This week, I watched the old 1957 film, 12 Angry Men, for my Human Behavior in a Social Environment course. Becoming more and more engrossed in this back and white flick, I forgot I was doing homework and started to have fun with my analysis…
My English teacher used to tell us that good literature requires a drastic change in character. Perhaps that’s part of what makes the deliberation between the men in this movie so interesting. By the end, our perception of each and every man on the jury has made a complete turn-around. Take a look at a principle piece of my analysis:
“Without the culmination of each juror’s specialization, the boy could have easily been sent to the electric chair. At first glace, we think we are observing a group of white, upper-class men – dressed in suits, in a rush to make a decision about the boy’s life. But as the deliberation plays out, we get to know immigrants, construction workers, other men who grew up in the slums, salesmen, base ball coaches. Each and every member brings specialized information to the table, allowing them to ‘solve the puzzle’ with real precision. For example, the juror from the slum, due to his background, is able to demonstrate that the angle of the wound, which speared the heart of the boy’s father, was one that the boy was far too smart and experienced to make with that particular knife. It is through each specialized detail that the men become gradually united on the fact that the boy could not have been the one to kill his father.”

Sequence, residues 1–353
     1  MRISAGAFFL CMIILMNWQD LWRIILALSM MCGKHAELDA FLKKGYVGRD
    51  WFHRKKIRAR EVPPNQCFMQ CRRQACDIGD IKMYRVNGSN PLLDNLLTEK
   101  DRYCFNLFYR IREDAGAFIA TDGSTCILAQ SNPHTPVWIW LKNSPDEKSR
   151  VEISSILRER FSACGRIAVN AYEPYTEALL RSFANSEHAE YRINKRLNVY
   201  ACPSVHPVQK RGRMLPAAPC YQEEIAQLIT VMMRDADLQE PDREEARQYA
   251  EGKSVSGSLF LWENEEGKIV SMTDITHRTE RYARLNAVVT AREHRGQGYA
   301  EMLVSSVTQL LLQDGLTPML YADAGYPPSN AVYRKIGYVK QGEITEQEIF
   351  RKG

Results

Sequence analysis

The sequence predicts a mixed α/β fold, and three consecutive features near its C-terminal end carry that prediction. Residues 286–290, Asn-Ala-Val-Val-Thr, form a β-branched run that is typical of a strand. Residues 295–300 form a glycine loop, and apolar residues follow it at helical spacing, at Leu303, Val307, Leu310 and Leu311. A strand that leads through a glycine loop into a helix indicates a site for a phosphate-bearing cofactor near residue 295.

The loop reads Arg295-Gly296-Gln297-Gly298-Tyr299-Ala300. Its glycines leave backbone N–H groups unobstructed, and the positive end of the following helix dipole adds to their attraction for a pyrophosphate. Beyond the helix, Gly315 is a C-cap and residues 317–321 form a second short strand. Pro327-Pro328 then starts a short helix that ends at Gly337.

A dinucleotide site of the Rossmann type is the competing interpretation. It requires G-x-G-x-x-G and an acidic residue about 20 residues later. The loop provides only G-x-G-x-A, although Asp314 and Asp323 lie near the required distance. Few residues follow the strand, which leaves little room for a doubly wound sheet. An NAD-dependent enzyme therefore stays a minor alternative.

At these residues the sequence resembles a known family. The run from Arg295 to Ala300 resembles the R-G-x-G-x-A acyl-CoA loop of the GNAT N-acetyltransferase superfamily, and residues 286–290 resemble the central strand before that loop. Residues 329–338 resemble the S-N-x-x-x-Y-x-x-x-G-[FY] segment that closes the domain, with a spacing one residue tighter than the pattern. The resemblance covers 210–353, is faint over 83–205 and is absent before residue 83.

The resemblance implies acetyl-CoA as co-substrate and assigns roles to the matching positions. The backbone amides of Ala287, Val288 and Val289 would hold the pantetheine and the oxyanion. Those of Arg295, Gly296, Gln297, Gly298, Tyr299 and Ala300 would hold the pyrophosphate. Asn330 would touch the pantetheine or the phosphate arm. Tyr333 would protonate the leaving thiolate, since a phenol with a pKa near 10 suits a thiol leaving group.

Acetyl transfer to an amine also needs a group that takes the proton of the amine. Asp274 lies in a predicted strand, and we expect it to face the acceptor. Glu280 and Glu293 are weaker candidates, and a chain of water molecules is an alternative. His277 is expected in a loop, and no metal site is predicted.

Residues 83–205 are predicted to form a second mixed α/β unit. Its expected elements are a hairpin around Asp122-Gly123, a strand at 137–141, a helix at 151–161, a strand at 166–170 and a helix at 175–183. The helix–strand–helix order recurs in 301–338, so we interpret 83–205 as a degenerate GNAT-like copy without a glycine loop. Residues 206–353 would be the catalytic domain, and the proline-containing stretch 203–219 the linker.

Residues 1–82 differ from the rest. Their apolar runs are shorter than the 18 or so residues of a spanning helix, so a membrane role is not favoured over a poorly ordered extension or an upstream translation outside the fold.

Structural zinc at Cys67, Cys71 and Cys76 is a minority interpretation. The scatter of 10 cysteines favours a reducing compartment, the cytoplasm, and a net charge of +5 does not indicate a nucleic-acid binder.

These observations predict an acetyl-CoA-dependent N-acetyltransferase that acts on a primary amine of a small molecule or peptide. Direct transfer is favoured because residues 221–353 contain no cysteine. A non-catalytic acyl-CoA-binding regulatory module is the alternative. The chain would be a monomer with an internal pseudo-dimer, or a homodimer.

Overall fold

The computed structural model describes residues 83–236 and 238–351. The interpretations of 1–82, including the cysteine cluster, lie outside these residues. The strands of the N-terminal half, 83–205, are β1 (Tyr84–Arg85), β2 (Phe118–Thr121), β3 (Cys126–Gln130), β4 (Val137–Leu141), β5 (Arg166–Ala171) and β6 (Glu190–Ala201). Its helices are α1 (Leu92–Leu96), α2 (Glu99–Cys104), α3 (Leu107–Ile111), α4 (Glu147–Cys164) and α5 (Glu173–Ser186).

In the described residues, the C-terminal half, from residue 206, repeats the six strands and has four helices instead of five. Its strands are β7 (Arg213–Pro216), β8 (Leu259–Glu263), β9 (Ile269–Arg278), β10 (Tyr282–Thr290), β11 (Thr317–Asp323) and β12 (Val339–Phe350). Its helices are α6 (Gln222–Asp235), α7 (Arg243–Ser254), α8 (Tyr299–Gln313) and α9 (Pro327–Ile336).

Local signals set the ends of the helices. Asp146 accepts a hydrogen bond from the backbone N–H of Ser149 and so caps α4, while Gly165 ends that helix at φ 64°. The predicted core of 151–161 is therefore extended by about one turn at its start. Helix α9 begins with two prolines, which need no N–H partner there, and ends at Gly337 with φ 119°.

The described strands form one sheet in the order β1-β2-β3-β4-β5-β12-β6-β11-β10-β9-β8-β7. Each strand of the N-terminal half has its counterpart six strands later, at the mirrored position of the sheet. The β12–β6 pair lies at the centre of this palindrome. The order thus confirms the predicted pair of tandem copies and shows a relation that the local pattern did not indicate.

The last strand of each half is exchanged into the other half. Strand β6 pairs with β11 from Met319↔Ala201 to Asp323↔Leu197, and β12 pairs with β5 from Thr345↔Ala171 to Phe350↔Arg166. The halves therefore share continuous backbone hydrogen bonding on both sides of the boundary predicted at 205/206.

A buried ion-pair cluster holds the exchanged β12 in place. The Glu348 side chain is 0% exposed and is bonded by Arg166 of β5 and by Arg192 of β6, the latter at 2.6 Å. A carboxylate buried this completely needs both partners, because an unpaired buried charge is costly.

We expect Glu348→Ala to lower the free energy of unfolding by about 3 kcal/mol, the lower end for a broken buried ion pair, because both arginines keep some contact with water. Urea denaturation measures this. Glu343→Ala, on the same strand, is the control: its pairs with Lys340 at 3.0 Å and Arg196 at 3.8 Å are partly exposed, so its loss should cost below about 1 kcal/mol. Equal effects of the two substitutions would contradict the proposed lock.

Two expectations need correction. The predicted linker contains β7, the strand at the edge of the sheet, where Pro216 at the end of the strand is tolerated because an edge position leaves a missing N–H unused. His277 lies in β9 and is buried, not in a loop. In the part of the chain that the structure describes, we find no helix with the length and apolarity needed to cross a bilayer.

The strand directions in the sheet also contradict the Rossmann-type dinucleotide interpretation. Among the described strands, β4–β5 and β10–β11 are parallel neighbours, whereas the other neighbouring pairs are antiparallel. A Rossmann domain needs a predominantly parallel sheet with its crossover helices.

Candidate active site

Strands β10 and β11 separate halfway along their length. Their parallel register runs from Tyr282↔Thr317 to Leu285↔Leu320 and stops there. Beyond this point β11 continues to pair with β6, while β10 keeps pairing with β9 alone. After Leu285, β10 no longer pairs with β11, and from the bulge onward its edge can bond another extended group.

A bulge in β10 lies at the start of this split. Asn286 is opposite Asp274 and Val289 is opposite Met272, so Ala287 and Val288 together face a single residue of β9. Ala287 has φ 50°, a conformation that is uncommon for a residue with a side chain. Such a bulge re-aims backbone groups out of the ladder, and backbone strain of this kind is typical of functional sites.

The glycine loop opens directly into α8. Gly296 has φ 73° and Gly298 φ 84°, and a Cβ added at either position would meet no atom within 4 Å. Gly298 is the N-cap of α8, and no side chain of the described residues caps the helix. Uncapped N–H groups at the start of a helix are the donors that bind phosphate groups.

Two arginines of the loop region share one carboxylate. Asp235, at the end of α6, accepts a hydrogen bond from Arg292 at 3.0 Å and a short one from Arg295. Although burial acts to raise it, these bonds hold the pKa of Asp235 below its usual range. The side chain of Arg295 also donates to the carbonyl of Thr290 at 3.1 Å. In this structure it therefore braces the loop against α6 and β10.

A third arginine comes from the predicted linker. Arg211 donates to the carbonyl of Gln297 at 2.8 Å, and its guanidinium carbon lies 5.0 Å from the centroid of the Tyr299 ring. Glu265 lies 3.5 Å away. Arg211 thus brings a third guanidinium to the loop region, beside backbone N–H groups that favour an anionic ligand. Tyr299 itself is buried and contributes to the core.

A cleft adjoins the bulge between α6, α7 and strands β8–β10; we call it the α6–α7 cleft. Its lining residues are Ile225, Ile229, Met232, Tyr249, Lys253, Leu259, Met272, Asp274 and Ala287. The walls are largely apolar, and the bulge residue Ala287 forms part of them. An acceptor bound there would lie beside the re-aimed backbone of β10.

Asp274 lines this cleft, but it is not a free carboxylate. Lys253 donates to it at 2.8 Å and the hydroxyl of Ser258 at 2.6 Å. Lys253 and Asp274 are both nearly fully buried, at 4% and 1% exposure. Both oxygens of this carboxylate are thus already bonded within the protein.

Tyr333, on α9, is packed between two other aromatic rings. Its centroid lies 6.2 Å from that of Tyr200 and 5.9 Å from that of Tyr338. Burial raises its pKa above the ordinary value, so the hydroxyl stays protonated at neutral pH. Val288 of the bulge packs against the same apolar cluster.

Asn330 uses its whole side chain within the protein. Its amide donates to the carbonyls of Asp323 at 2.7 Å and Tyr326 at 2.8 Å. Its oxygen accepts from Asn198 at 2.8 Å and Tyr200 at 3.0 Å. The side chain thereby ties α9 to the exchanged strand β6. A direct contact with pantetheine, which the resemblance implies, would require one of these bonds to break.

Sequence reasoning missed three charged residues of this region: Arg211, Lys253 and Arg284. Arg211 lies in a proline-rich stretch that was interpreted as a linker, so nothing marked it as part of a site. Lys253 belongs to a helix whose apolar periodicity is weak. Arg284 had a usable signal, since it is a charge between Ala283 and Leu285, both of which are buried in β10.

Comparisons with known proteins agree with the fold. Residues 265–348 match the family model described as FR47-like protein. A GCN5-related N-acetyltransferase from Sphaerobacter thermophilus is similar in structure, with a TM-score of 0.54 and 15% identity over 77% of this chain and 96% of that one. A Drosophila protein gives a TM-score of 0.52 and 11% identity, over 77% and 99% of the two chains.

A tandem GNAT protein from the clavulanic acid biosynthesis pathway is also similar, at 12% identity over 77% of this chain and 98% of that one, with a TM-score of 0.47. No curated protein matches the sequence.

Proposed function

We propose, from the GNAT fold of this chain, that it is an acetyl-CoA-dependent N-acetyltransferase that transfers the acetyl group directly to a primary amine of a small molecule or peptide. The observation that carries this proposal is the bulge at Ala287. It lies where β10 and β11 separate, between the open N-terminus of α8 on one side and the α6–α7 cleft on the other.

Watching this film was a reminder for me not to pass judgement on people without acquainting myself with their world first.